Before March, the average job-seeker spent up as many as 11 hours every week looking for suitable employment. That was before the full extent of COVID-19 was known and before many businesses felt the full brunt of its impact. Now food and beverage recruiters and job-seekers alike are navigating unfamiliar waters. Here are the ways recruiters are adapting client experiences amid the global pandemic.

Food and Beverage Recruiters

Before the pandemic, the recruitment process was hardly one-size-fits-all. Food and beverage recruiters proceeded very differently than manufacturing headhunters, for example. Searches and experiences were industry-specific whenever possible. Today, these experiences are changing across industries.

Prior to 2020, phone interviews and Skype interviews existed, but they generally were not the preferred first point of contact. These types of interviews were reserved for applicants from out of state, or for pre-screening and whittling down pools of potential candidates.

Now it is customary for the first interview to be over-the-phone or on an online platform. Second interviews may be in-person. These determinations are made on a case-by-case basis. If meetings do take place face-to-face, however, interviewers and interviewees are encouraged to abide by guidelines from the Centers for Disease Control and Prevention (CDC). That means wearing appropriate face coverings for the duration of the interview. Attendees should remain six feet apart, and handshakes — once a measuring stick of a candidate’s potential for some — are strongly discouraged.

An Uptick in Contract Hires

The future is uncertain. What is certain is that some companies are suddenly without staff they desperately need, and others cannot afford the few employees they have. The good news for job-seekers is that some industries are booming. The food and beverage industry is going strong, for example. Grocery stores and markets are thriving, and people all over the country are ordering takeout, even if they prefer not to or cannot dine-in. Talk to food and beverage recruiters about available opportunities.

To meet this growing demand, companies are hiring more people. Contract to hire positions are popular right now, giving both employees and employers the opportunity to test out the waters and see if they are a good fit. There is an increase of nearly one-fifth — or 18% — of businesses using this hiring model right now and in the coming months.

Taking A Second (And Third) Look At Job Skills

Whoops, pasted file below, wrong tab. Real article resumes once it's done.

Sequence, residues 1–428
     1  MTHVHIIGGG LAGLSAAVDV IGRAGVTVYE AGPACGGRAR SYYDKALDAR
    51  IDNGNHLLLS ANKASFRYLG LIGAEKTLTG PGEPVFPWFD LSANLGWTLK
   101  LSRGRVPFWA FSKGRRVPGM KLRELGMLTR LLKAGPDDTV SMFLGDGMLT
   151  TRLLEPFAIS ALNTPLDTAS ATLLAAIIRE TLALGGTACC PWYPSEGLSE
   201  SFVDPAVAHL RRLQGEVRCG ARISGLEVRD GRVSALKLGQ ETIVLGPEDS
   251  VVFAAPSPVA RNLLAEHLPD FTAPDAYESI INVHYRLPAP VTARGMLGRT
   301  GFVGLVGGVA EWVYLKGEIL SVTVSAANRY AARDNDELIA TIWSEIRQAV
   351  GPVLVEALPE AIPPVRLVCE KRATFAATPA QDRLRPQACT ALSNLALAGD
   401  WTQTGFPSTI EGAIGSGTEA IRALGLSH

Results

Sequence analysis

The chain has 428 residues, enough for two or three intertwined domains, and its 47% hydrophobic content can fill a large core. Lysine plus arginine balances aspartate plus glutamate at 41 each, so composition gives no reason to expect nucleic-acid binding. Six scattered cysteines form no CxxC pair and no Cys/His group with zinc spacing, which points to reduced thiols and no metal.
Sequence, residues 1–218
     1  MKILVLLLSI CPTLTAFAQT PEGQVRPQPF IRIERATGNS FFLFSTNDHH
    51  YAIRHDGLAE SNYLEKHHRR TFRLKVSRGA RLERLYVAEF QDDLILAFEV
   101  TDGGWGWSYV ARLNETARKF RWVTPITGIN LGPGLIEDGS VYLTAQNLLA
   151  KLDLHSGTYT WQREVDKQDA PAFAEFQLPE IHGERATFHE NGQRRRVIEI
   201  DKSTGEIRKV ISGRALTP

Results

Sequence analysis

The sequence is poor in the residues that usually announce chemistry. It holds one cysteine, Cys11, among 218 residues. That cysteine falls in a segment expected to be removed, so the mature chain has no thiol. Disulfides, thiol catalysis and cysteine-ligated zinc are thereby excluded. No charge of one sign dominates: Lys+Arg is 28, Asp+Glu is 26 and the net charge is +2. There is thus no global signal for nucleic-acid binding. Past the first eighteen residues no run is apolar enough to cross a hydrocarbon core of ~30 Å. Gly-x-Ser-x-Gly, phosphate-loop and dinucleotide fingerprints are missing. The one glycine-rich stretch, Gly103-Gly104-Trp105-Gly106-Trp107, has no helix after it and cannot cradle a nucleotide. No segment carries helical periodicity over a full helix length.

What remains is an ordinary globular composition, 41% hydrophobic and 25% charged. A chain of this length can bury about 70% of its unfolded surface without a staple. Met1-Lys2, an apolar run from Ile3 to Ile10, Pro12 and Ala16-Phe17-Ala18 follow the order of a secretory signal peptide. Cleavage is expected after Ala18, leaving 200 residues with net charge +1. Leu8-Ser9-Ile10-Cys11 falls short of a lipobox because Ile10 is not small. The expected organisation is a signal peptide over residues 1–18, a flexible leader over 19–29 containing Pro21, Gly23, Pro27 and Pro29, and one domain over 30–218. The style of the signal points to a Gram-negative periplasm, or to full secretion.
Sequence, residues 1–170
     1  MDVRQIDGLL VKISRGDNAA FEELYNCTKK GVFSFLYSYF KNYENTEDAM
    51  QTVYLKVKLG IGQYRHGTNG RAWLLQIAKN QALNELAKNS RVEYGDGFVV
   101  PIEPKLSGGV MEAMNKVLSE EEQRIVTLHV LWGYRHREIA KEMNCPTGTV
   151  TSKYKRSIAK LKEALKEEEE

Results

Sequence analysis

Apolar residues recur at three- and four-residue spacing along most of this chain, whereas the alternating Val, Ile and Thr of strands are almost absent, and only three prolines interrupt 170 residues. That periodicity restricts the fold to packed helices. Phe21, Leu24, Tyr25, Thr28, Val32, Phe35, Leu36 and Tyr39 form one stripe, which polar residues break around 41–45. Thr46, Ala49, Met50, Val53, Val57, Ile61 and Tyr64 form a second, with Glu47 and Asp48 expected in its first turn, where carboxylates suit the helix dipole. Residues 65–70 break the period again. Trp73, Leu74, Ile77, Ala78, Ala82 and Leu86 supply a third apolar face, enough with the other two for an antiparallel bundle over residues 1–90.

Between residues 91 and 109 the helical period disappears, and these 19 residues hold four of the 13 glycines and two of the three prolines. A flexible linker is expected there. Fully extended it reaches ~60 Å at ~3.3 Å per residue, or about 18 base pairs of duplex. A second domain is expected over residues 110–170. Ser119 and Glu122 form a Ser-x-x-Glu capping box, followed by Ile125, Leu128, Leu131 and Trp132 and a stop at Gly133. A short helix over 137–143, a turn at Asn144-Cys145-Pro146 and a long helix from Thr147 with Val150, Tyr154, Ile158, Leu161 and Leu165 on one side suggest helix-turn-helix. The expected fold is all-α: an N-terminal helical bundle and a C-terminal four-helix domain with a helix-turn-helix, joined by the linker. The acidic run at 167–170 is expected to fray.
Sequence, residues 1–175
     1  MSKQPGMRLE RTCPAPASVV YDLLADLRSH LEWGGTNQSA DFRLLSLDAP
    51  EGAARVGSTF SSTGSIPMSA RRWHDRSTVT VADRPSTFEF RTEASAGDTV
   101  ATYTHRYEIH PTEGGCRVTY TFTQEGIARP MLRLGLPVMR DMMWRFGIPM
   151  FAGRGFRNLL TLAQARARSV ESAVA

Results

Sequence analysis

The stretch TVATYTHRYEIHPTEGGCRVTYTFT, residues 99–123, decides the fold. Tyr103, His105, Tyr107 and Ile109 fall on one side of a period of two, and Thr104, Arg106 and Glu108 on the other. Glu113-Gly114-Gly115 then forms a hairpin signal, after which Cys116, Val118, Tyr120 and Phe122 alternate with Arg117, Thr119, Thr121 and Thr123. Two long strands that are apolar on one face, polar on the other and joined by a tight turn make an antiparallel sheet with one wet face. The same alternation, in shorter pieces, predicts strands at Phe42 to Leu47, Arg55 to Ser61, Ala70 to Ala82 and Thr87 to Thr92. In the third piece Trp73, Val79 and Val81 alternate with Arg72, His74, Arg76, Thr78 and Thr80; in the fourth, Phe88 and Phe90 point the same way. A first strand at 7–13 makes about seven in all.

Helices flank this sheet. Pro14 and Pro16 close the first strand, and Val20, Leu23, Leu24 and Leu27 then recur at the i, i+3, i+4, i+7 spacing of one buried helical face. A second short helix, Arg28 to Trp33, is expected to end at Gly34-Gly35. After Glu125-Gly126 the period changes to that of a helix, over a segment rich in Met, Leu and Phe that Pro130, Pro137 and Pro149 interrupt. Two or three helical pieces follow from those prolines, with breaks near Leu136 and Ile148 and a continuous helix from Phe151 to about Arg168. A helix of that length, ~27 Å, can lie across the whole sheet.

With some industries plugging along and others not doing so well, it is important for recruitment companies to know candidates’ full worth. Many skills are transferable from one sector to another, and that is an important thing to keep in mind right now. For instance, if candidates are not having much luck with food and beverage recruiters, they may be able to adapt their strong work ethic and teamwork skills to a position in manufacturing.

Manufacturing, engineering, IT, marketing, sales, accounting, and pharmaceuticals are the industries doing best right now. Ask your recruiter if you can make your skills work for jobs in these industries.

What Does The Future Hold?

What about the coming months — and after COVID-19? Companies who did not previously allow remote work or some days working from home are changing their policies. If possible, it is wise for businesses across the board to consider this possibility in order to keep up. Human resources (HR) needs to set clear policies around working from home (if they haven’t already), and companies need to communicate any changes to their employees at each step along the way.

Recruitment companies will do their best to keep up with their clients’ most recent policies, but also encourage open communication with contract-to-hire or direct-hire employers.

What’s changing in the recruitment world? For one thing, an impressive “84% of recruiters are in the process of adapting their hiring processes to facilitate remote exchanges,” CNBC writes. Talk to food and beverage recruiters, IT staffers, or manufacturing headhunters about important shifts in the recruitment and hiring processes.